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UN Ambassador Nominee Bolton's Troubles Mount (moved from ATSNN)

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posted on Apr, 22 2005 @ 12:26 AM
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John R. Bolton's chance of being confirmed as U.S. åmbassador to the UN by the Senate diminished today as new allegations regarding his past behavior and rumors that former U.S. Secretary of State Colin Powell has been making negative statements about him to Senators on the Foreign Relations Committee surfaced. Committee hearings stalled earlier this week after some key Republicans sided with the Democrats in requesting more time to investigate the nominee. The White House still supports Bolton and is pressing for his confirmation.
 



www.latimes.com
A former U.S. ambassador to South Korea said Thursday that John R. Bolton, President Bush's choice for U.N. ambassador, may have misled the Senate Foreign Relations Committee about a provocative and controversial 2003 speech on North Korea.

The former ambassador, Thomas Hubbard, also described a confrontation in which Bolton yelled at him and slammed down a telephone, in another example of the confrontational behavior that has helped stall Bolton's nomination.
 
Hubbard has spoken with Foreign Relations Committee aides, who are expanding an investigation into Bolton's background after senators this week postponed a confirmation vote until mid-May.



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MSNBC
Former secretary of state Colin L. Powell is emerging as a behind-the-scenes player in the battle over John R. Bolton's nomination as ambassador to the United Nations, privately telling at least two key Republican lawmaker that Bolton is a smart but very problematic government official, according to Republican sources.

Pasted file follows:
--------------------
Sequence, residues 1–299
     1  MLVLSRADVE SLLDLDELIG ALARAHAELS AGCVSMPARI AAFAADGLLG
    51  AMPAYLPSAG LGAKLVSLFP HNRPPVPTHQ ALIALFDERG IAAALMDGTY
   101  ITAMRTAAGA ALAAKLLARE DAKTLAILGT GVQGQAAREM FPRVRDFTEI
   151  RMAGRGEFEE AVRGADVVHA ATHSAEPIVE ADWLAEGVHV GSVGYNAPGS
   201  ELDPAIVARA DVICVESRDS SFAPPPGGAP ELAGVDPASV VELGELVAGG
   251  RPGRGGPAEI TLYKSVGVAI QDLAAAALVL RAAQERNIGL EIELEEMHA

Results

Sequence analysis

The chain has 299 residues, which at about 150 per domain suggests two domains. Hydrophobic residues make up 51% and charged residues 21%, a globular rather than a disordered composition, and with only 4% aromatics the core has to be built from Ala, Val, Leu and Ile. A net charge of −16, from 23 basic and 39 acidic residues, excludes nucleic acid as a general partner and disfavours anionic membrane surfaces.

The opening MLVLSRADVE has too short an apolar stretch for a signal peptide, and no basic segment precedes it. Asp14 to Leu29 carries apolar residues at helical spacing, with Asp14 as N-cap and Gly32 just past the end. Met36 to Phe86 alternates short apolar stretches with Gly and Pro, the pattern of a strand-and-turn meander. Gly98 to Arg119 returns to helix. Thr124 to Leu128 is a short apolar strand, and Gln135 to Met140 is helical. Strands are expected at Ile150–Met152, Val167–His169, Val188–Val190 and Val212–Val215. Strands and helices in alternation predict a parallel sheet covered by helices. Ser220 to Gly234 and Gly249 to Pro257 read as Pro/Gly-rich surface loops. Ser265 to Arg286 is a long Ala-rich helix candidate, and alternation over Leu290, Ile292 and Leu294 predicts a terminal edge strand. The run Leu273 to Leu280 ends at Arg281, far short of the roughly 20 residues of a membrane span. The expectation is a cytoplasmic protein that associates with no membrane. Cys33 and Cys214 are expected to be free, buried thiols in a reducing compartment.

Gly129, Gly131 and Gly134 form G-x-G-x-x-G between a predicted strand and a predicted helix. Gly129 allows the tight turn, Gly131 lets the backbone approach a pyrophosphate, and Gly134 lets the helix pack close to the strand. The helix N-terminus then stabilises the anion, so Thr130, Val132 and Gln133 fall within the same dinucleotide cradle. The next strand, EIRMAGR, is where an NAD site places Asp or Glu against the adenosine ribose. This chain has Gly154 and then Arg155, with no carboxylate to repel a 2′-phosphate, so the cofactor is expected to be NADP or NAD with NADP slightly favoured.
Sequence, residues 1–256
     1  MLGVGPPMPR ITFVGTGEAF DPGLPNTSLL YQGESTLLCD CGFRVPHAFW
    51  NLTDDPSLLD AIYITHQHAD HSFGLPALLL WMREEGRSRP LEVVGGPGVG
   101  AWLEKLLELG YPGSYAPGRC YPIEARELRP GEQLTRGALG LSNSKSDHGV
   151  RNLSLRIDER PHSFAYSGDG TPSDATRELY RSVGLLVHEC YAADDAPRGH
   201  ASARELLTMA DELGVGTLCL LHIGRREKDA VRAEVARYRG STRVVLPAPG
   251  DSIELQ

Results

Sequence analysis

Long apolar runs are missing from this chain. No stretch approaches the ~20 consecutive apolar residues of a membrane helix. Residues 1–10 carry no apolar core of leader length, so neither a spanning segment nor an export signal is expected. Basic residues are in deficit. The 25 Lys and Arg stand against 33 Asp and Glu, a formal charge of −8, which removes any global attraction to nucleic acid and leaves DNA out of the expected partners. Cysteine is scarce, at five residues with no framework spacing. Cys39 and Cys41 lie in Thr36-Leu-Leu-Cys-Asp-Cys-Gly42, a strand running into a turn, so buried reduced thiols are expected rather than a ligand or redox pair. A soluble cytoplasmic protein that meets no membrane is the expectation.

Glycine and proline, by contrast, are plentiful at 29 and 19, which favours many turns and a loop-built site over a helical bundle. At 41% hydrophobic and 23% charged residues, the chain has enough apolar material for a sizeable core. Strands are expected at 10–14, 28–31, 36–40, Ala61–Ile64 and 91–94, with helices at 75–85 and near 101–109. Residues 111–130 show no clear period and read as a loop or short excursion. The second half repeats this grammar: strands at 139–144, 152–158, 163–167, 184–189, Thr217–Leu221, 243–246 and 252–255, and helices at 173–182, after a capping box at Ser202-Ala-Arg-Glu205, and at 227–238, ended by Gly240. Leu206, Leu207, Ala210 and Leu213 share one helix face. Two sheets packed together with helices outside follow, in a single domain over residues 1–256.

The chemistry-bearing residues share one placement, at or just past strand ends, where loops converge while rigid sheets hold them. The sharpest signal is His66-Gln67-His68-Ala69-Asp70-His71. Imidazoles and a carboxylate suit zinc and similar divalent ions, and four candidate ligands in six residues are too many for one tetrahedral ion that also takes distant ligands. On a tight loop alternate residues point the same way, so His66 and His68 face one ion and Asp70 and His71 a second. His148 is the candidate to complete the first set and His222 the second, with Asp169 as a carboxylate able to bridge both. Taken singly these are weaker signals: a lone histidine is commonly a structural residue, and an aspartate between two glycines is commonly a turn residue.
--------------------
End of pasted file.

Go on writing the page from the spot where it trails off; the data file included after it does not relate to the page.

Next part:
Powell spoke in recent days with Sens. Lincoln D. Chafee (R.I.) and Chuck Hagel (Neb.), two of three GOP senators on the Foreign Relations Committee who have raised concerns about Bolton's confirmation, the sources said. Powell did not advise the senators to oppose Bolton, but offered a frank assessment of the nominee as a man who was challenging to work with on personnel and policy matters, according to two people familiar with the conversations.

"General Powell has returned calls from senators who wanted to discuss specific questions that have been raised," said Margaret Cifrino, a Powell spokeswoman. "He has not reached out to senators," and considers the discussions private.


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I used to strongly support Bolton's nomination, but now I'm not sure. I agree that these allegations must be looked into to determine if they are real or overblown out of partisan dislike of his beliefs. I hope that he will be given a fair hearing and the truth becomes clear.

[edit on 4/22/2005 by djohnsto77]




 
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